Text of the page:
Human Resources News & Insights

What the heck is a Letter 226J? IRS’s new ACA enforcement comes at a terrible time

HR pros can be forgiven if they’re a bit skeptical about the IRS’ warnings to collect ACA employer mandate penalties. After all, they’ve been saying this for years without actually following through. But with the latest warning, the agency also included some proof that this time it’s for real.

In a recent Q&A on its website, the IRS delved into specifics on how it would begin assessing employer mandates penalties on companies for their 2015 reporting.

A sample of what you’ll receive

Rather than a vague statement about a penalty letter being in the mail, the IRS revealed the specific letter it will issue (Letter 226J), when the letters will be issued (late 2017) and the time frame for which the letters apply (the 2015 calendar year or the reporting that was done in 2016). On top of all that, the agency also released an official sample of the letter it will be using.

The letters are based on info reported to the IRS on Forms 1094-C and 1095-C as well as the agency’s records of who received a premium tax credit.

Who gets a letter and what does it include?

If the feds determine an “applicable large employer” (ALE) company didn’t satisfy the ACA’s offer of coverage rules or had one or more of its full-time employees receive a premium tax credit for at least one month in 2015, the IRS will issue a Letter 226J.

According to the IRS’ Q&A response to Question 55, the letter will include:

  • a brief explanation of section 4980H of the ACA,
  • an employer shared responsibility payment summary table itemizing the proposed employer payment by month and indicating for each month if the liability is under section 4980H(a) or section 4980H(b) or neither,
  • an explanation of the employer shared responsibility payment summary table,
  • an employer shared responsibility response form, Form 14764, “ESRP Response,”
  • an employee PTC list, Form 14765, “Employee Premium Tax Credit (PTC) List” which lists, by month, the ALE’s assessable full-time employees (individuals who for at least one month in the year were full-time employees allowed a premium tax credit and for whom the ALE did not qualify for an affordability safe harbor or other relief) (see instructions for Forms 1094-C and 1095-C, Line 16), and the indicator codes, if any, the ALE reported on lines 14 and 16 of each assessable full-time employee’s Form 1095-C,
  • a description of the actions the ALE should take if it agrees or disagrees with the proposed employer shared responsibility payment in Letter 226J, and
  • a description of the actions the IRS will take if the ALE does not respond timely to Letter 226J.

The response to Letter 226J will be due by the response date shown on Letter 226J, which generally will be 30 days from the date of Letter 226J.

How to dispute the findings

Getting a letter from the IRS is no doubt a hassle, but employers do have have a few different options:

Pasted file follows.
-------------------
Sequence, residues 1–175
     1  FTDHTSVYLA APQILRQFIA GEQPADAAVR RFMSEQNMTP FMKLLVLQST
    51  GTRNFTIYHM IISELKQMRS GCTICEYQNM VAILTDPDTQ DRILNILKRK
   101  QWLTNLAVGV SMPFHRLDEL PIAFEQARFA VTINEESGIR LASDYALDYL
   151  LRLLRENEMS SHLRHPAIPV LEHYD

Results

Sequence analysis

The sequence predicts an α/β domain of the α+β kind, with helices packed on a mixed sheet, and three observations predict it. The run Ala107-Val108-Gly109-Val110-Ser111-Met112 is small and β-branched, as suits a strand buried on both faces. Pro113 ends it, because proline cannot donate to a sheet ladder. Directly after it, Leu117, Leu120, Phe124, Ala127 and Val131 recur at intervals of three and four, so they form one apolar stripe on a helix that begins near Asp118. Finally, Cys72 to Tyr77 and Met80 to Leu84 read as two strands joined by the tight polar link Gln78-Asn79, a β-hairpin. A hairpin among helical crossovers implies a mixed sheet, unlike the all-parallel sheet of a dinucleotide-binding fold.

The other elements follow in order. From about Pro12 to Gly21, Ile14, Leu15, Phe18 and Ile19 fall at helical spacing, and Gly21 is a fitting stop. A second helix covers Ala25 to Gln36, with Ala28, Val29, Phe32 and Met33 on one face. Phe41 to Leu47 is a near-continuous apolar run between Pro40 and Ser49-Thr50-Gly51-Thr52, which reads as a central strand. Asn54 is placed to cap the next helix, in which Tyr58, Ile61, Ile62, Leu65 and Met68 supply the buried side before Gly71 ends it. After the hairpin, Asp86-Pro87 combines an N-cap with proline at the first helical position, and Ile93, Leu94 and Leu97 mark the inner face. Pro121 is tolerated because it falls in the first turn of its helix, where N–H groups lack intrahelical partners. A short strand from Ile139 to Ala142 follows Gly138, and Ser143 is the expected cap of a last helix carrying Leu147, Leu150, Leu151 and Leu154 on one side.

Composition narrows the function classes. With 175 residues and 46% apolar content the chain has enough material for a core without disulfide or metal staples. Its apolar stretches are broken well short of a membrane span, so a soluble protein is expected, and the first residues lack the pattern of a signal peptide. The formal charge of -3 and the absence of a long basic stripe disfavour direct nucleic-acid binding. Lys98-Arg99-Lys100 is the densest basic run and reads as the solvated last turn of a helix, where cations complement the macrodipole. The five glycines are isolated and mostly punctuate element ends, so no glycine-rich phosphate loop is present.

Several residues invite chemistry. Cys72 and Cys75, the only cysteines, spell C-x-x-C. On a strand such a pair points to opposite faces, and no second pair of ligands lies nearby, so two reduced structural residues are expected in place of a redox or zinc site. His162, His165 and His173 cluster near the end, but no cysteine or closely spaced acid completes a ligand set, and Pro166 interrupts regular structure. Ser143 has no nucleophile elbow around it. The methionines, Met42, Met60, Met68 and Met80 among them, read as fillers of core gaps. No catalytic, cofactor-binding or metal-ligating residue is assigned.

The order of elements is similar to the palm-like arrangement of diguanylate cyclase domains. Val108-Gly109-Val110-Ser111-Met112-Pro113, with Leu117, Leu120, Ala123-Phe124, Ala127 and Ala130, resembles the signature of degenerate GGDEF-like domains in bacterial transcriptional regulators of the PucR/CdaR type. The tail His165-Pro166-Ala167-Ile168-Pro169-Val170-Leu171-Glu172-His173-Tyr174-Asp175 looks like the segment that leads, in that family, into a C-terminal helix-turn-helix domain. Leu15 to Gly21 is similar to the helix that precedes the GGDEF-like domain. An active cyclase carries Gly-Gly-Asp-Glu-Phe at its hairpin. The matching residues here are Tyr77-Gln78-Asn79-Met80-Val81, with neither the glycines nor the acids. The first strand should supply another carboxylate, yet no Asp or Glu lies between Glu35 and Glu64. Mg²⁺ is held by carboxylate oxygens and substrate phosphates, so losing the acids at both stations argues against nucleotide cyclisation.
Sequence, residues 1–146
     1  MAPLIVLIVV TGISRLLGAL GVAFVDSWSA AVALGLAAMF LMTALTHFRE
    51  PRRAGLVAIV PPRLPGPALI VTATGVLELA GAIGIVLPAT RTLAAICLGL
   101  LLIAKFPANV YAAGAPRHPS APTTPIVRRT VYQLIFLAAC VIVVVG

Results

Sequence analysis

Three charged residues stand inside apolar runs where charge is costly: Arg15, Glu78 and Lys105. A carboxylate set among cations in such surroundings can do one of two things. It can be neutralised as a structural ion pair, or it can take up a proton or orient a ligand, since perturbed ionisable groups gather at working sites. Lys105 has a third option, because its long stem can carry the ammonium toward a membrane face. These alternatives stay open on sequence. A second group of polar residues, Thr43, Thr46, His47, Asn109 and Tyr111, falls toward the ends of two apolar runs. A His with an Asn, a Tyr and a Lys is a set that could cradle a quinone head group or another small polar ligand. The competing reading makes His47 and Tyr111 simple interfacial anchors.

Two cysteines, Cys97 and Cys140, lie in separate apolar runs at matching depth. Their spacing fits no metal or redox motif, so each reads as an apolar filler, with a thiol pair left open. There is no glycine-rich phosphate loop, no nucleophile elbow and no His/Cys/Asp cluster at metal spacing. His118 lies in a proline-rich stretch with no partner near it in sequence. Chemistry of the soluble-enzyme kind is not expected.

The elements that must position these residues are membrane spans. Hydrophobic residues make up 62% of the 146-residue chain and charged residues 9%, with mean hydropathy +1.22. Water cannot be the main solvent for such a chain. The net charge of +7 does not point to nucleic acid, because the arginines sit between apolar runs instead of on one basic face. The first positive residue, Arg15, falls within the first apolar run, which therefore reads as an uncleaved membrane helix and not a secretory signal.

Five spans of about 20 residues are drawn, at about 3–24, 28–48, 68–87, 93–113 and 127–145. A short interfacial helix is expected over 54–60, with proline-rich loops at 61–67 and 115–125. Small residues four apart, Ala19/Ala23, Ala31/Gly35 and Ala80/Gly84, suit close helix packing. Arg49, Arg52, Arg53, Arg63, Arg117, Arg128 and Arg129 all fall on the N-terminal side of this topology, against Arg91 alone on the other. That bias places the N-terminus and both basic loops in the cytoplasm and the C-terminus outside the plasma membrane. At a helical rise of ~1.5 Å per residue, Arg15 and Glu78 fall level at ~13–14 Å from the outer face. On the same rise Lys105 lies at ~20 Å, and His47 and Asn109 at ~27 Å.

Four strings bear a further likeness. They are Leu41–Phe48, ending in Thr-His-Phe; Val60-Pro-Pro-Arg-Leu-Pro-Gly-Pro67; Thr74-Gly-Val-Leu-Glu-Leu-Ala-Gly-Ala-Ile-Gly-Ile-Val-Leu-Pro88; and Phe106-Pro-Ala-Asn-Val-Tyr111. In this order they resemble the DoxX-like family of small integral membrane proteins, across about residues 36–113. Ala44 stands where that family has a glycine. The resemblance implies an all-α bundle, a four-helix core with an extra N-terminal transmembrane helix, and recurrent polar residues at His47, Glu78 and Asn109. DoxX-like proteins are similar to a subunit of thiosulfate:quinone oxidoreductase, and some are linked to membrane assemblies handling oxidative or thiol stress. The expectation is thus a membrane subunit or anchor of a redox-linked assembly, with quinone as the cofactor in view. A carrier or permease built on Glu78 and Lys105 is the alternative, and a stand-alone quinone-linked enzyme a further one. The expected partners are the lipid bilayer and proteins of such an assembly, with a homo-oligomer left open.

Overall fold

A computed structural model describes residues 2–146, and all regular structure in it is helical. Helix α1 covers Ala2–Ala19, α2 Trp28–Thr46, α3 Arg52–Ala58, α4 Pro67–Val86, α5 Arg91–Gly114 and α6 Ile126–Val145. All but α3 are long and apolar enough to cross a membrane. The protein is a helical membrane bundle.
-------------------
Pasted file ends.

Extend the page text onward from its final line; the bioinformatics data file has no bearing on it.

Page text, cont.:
1. Respond before the penalty is assessed. The Letter 226J provides instructions for employers on how to respond (in writing) to state whether they agree with the IRS’ findings or disagree with part or all of the proposed penalty amounts. That letter contains a name and contact info of an IRS employee to follow-up with.
    Key: The response must be made by the date shown on the letter — generally 30 days from the date in which the initial letter is dated.
  2. A pre-assessment conference with IRS. Once employers respond to the 226J Letters, the IRS will follow up with yet another letter, part of its 227 Series for which the agency has created five different letters. If you still disagree with the IRS, you can request a pre-assessment conference with the IRS Office of Appeals. Like the initial letter, the 227 Series will provide detailed instructions. Plus, the IRS’ website also offers “Publication 5, Your Appeal Rights and How To Prepare a Protest if You Don’t Agree,” which includes detailed instructions on all types of appeals.
    The conference must also be requested in writing by the response date on the letter, again generally 30 days from the date listed on the letter.

If neither of the above options work, the IRS determines the company is liable for a penalty and will issue a notice and demand for via a Notice CP 220J, which includes detailed instructions for how various payments can be made..

Important: If employers don’t respond to the Notice CP 220J by the deadline, the agency will consider you in agreement and will start assessing penalties.

No time to waste

With year-end being a particularly busy time, this is the last thing HR pros need right now. But unlike previous ACA penalty announcements, this doesn’t have any of the markings of a false alarm.

That means you have little time to prepare for an IRS letter that will demand a timely response. To help, employment attorney Jamie L. Leary offers the following checklist to make the Letter 226J process as painless as possible:

  • Take steps to make sure that IRS letters are routed to the right person at your company
  • Make sure you have access to all the necessary data from your 2015 ACA reporting process
  • Have a speedy process in place to check whether any of the penalties the IRS found actually apply, whether the penalty calculations are accurate, and what your response will be, and
  • Have a specialized benefits attorney ready and available to contest penalties if needed.

 

 

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